This week's A Northwoods Moment in History comes from a question to our Curious North series.
Patty Fitzpatrick from Rhinelander recently asked: Is it true that there was a POW camp in Rhinelander during World War II?"
To answer Patty's question, here's Gary Entz for this week's A Northwoods Moment in History.
In the early years of World War II, German prisoners captured in battle were held in Great Britain. However, in 1942 a rumor spread that Hitler planed on air dropping weapons to his soldiers held in British detention camps. This led to the United States agreeing to take charge of prisoners, and in early 1944 German POWs began arriving in the U.S. During the war, 425,000 German prisoners of war were housed in 700 camps spread across the entire United States. Of that number, slightly more than 20,000 were placed in POW camps located in Wisconsin. Wisconsin’s main POW facility was Camp McCoy, located in Monroe County. However, there were another 36 branch camps spread out across the state, and one of those branch POW camps was Camp Rhinelander.
In 1945 a POW camp for German prisoners was established at a former Civilian Conservation Corps camp two miles west of Rhinelander. Two patrol towers were constructed at the camp, and the camp commander was Major Elmer A. Ward. It was guarded by 35 soldiers, all of whom were combat veterans in either the European or Pacific theaters. There were roughly 90 prisoners held in the Rhinelander camp, most of whom were no older than 23. The guards worked in shifts, with each watching over about 10 POWs at any given time. The prisoners built a sports field on the site for recreation, but the main reason they were brought to Rhinelander was for labor.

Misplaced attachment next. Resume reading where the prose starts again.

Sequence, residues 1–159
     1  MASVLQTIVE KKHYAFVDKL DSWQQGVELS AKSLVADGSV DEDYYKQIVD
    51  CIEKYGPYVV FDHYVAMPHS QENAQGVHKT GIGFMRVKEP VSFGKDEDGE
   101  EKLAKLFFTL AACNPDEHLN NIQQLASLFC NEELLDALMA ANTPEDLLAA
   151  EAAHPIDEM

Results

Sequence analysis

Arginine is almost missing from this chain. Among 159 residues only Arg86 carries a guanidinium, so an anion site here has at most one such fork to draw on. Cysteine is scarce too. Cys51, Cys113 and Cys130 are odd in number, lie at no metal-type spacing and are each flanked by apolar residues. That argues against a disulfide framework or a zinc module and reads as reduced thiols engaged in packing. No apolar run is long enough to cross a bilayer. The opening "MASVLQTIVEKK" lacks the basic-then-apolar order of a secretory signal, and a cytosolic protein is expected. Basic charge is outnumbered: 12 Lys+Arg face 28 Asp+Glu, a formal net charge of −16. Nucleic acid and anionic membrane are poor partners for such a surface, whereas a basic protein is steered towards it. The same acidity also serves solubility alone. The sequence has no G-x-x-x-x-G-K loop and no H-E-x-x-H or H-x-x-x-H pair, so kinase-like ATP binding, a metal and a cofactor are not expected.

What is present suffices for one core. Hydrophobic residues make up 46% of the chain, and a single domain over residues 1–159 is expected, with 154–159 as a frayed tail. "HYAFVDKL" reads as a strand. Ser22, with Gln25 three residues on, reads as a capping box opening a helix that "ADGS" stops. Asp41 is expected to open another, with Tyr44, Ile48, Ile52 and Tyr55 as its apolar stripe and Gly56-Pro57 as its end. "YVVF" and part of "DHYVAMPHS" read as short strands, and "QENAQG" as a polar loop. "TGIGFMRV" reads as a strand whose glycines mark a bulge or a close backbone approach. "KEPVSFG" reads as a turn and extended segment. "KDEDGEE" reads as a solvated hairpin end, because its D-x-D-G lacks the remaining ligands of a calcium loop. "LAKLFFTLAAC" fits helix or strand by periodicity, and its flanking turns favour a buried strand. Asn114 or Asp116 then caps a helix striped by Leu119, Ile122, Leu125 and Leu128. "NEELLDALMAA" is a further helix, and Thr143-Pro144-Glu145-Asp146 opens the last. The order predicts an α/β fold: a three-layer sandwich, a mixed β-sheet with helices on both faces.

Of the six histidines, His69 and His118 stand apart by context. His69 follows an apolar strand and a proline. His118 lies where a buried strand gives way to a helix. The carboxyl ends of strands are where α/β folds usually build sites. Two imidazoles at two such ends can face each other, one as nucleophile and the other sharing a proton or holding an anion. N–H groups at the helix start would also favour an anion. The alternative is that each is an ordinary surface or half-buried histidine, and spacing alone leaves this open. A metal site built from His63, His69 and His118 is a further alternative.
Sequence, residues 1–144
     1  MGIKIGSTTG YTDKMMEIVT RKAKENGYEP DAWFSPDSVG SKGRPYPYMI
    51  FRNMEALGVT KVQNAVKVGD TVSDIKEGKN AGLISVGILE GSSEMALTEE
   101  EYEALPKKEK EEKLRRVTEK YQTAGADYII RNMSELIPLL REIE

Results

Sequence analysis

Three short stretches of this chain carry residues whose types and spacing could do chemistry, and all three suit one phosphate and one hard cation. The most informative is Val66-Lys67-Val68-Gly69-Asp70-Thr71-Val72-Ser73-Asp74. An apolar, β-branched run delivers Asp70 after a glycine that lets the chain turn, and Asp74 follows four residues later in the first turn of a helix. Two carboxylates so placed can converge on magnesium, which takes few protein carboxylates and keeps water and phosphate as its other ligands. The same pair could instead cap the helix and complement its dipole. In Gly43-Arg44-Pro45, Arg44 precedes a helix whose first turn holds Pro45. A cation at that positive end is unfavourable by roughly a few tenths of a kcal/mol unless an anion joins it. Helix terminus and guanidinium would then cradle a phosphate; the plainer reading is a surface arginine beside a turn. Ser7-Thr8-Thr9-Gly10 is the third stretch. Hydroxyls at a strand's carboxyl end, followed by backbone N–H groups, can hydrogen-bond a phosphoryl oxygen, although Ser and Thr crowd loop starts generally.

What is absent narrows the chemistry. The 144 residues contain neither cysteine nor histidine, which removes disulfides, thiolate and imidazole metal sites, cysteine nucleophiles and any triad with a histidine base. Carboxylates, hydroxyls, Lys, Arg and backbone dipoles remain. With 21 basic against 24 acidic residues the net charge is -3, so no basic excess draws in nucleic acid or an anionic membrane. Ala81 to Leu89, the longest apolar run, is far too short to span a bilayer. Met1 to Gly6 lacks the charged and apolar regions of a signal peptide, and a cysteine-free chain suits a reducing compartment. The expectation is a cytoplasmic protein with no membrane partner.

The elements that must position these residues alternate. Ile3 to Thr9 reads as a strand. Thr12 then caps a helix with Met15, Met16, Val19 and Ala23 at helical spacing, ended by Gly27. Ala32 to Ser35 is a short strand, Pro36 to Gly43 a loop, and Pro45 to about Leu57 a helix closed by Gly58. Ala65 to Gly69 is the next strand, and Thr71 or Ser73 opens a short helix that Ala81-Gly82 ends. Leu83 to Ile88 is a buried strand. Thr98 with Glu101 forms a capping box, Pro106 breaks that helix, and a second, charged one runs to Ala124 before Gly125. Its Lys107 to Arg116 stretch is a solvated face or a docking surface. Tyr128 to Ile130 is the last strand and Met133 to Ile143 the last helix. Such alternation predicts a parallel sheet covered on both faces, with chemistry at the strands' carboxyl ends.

By 1945 so many young men had been drafted to serve in the armed forces that there was a severe labor shortage across the United States. With those still available to work being used in industry and manufacturing, the scarcity was felt most acutely in agriculture. This was the reason for so many branch camps across Wisconsin. The German POWs were used as agricultural laborers in areas that were at risk of losing crops.
Prisoners in the Rhinelander camp came in the late summer of 1945 to pick potatoes. In Camp Rhinelander the prisoners were roused at 4:30 a.m. They had a breakfast prepared by their own cooks after which they were loaded into trucks and driven out to area farms to work. Northwoods farmers were given strict instructions on how to conduct themselves around the POWs which included prohibitions against fraternization and liquor. The most important warning was that farmers were considered just as responsible as the guards and would be prosecuted accordingly should any POW escape.
Both Lutheran and Roman Catholic priests from Rhinelander visited the camp on Sundays to provide services, but no other civilian visitation was permitted. No major incidents every occurred, and camp Rhinelander closed after the war ended. Most German POWs were repatriated in 1946.
This story was written by Gary Entz and produced for radio by Mackenzie Martin. Some music for this commentary came Podington Bear. The photos above are used with permisson from the Wisconsin Historical Society and can be found on their website here and here.
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